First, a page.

Women who fail to get pregnant despite one year of regular, unprotected sexual intercourse should consult a physician. Women aged above 35 do not need to wait for a whole year.
In the first diagnosis, the couple is scanned for any genetic disorder. Women are checked for any previous operations concerning the ovaries, diagnosed cystic diseases (such as endometriosis), irregular menstruation or ongoing hormonal issues (polycystic ovary syndrome, thyroid disorders, metabolic syndromes, etc.).
Patients are also asked about any previous infections that affected the uterus or ovaries, or other operations into the abdomen.
As for men, they are inquired and checked in detail about a history of operations on the testes, presence of varicosele, inflammatory disease after puberty, genetically transmitted disorders, or working conditions which expose testes to heat, pressure or contact with toxins.
After your first examination, it will become clear which tests will be demanded of you to determine whether you are eligible for IVF or not. Under normal circumstances, factors related to the man can be easily determined with the spermiogram analysis, preceded by a three-day sexual abstinence period.
The analysis on women requires more detail. The ovary reserve and any problems related to the uterus are easily detected in the examination; however, hormone tests must be demanded. HSG (Hysterosalpingography), also known as a uterus X-ray, is not required in each case, and will be demanded by your physician only if they suspect something. Further detailed tests may be necessary depending on the specific needs of every couple.
In the first examination, the patients are informed about reproductive physiology. During this awareness-raising phase, which is a form of patient education, the physicians focus on which days are best suited for conception and whether the couple has sexual intercourse at the right time.
Moreover, the couple is informed that even if everything went perfectly well, the possibility of conception in a given menstrual cycle is only 25%. Women willing to get pregnant are recommended to start taking folic acid at least two months prior.
Following patient education, couples are informed about the examinations and tests that will follow.
The progestoreone level in the blood is measured in the middle of the second half of the menstrual cycle. Its level indicates whether ovulation has taken place or not.
It is performed to check whether the tissue lining the interior of the uterus, the endometrium, has developed normally or not.
It provides information about the dimensions of the uterus and ovaries. The patient is checked for any malformation of the uterus, myomas, cysts in the ovaries, and the thickness of the endometrium is examined. Normally, the size of the egg prior to ovulation is between 18 and 20 mm, and the ultrasound helps determine whether the egg has such a size.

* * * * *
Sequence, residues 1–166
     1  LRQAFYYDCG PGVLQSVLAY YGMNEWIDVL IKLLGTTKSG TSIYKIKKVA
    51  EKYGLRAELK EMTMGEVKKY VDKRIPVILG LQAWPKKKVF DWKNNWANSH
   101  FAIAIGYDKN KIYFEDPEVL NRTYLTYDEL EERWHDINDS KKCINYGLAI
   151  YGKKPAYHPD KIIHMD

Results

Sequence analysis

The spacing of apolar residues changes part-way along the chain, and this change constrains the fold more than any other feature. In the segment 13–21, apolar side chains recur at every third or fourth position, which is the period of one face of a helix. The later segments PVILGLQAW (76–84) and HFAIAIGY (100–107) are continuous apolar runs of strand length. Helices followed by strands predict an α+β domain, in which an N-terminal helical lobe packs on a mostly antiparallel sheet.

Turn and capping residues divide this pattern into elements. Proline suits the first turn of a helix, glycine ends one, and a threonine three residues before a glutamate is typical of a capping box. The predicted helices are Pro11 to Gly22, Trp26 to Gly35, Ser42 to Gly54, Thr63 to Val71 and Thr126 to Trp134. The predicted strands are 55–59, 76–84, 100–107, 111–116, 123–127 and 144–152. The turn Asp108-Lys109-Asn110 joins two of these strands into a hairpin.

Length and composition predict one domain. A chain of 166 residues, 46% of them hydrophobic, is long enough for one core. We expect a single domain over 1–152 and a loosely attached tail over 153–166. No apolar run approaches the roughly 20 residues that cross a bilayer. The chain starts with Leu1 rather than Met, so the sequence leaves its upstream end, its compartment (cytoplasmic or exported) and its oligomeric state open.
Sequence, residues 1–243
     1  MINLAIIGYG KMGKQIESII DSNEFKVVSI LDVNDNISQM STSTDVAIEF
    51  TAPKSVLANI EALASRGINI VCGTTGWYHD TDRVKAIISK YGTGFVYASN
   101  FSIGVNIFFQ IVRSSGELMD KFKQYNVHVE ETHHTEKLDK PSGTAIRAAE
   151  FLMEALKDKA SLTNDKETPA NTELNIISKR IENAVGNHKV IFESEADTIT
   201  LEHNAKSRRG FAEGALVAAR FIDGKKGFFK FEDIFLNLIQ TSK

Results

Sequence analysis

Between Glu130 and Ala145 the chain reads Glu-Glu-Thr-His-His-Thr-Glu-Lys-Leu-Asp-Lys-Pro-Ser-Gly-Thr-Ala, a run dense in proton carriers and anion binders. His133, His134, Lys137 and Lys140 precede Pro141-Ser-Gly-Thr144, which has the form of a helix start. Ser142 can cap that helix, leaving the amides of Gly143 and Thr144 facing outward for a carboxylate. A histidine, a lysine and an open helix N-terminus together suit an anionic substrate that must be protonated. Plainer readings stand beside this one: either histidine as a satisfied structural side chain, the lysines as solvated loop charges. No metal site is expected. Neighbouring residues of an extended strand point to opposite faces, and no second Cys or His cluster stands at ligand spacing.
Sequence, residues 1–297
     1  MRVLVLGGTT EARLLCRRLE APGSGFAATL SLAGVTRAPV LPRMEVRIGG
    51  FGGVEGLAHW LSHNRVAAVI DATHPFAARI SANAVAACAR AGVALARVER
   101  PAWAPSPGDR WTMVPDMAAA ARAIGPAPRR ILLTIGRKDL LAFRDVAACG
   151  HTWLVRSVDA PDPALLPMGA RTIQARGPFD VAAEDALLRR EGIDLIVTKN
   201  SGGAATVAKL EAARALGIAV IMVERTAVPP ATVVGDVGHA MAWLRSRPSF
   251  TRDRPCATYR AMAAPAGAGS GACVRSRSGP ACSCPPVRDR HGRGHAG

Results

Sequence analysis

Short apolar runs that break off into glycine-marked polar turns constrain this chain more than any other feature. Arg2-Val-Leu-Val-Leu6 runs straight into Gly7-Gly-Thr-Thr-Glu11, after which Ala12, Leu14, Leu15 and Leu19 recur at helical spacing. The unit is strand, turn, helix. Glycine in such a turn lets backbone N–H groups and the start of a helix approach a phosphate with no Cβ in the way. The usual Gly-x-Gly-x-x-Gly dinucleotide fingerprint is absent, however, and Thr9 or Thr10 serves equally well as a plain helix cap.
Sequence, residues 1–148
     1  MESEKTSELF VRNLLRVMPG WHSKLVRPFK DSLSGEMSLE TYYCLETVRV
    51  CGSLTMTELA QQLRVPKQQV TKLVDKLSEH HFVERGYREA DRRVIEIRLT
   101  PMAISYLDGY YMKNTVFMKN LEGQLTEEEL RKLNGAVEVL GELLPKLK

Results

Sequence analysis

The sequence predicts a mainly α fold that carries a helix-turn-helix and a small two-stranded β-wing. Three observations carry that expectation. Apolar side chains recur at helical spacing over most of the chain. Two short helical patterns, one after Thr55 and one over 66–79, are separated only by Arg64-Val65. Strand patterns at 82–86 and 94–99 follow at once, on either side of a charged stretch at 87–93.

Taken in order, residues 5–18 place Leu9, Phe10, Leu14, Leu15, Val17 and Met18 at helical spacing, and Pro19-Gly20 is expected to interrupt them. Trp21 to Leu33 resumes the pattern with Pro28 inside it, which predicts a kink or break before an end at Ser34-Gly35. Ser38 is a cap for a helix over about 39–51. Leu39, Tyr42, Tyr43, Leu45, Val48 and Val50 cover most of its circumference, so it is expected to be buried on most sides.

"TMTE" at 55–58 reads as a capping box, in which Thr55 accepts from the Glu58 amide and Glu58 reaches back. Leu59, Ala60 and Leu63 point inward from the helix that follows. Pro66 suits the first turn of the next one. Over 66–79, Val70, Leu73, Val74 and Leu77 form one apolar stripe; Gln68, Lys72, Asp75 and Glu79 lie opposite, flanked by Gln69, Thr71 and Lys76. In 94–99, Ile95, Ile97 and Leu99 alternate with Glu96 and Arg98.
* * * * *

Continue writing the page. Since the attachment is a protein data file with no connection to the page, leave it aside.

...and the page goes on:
This is a mandatory test since 40% of the factors causing infertility are related to the man. After at least two days of sexual abstinence, the volume and consistency of the semen is examined in a sample obtained via masturbation.
Congestion or excessive enlargement of the uterine channels (hydrosalpinx) is an important factors causing infertility. Hysterosalpingography (HSG) is performed at the end of the menstrual cycle. Aside from the structure of the channels, it may also reveal the presence of myomas or polyps on the inner walls of the uterus. There are also studies pointing to an increase in spontaneous pregnancies following HSG.
It is performed to shed further light on any pathologies detected in the HSG or in cases of intraabdominal disorders (adhesion, endometriosis).
Laparoscopy is now the most preferred method of closed surgery in all gynecological issues except delivery.
Endoscopic surgery is dubbed closed surgery. Since it causes less bleeding, most people tent to call it “bloodless surgery”. Nowadays, numerous gynecological diseases are recognized and operated on in this way. In this type of surgery, the abdominal cavity is visualized with the help of a camera and flashlight instead of large incisions, and the entire surgery is performed with small incisions by means of specially designed instruments.
Through a single 1-cm incision in the navel, it is possible to directly visualize not only the uterus, ovaries and tubes, but all the structures within the abdomen. When these surgeries were first applied, the surgeon used the camera much like binoculars to try and identify the disorder. Today, technology provides us with much more ease in this regard. We look at a TV monitor and perform the operation by using our instruments with skill. Without the sense of touch, we visualize a three-dimensional environment on a two-dimensional screen, and perform important interventions in a closed space. There are very few things that could limit a skilled laparoscopist.